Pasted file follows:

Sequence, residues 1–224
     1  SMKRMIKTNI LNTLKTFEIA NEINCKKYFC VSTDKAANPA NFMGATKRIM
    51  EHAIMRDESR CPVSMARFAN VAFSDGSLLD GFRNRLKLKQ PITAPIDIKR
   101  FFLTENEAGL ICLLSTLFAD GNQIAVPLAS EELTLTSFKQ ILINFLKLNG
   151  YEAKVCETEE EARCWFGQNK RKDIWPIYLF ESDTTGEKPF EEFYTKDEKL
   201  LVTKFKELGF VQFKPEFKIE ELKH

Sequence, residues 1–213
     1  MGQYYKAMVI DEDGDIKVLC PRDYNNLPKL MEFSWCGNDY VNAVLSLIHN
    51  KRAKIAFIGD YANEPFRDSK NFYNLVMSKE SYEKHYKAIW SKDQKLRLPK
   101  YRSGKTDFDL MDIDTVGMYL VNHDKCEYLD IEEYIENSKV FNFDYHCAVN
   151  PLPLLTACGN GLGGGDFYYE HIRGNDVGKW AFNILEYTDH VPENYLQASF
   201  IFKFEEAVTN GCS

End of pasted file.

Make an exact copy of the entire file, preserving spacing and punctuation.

Sequence, residues 1–224
     1  SMKRMIKTNI LNTLKTFEIA NEINCKKYFC VSTDKAANPA NFMGATKRIM
    51  EHAIMRDESR CPVSMARFAN VAFSDGSLLD GFRNRLKLKQ PITAPIDIKR
   101  FFLTENEAGL ICLLSTLFAD GNQIAVPLAS EELTLTSFKQ ILINFLKLNG
   151  YEAKVCETEE EARCWFGQNK RKDIWPIYLF ESDTTGEKPF EEFYTKDEKL
   201  LVTKFKELGF VQFKPEFKIE ELKH

Sequence, residues 1–213
     1  MGQYYKAMVI DEDGDIKVLC PRDYNNLPKL MEFSWCGNDY VNAVLSLIHN
    51  KRAKIAFIGD YANEPFRDSK NFYNLVMSKE SYEKHYKAIW SKDQKLRLPK
   101  YRSGKTDFDL MDIDTVGMYL VNHDKCEYLD IEEYIENSKV FNFDYHCAVN
   151  PLPLLTACGN GLGGGDFYYE HIRGNDVGKW AFNILEYTDH VPENYLQASF
   201  IFKFEEAVTN GCS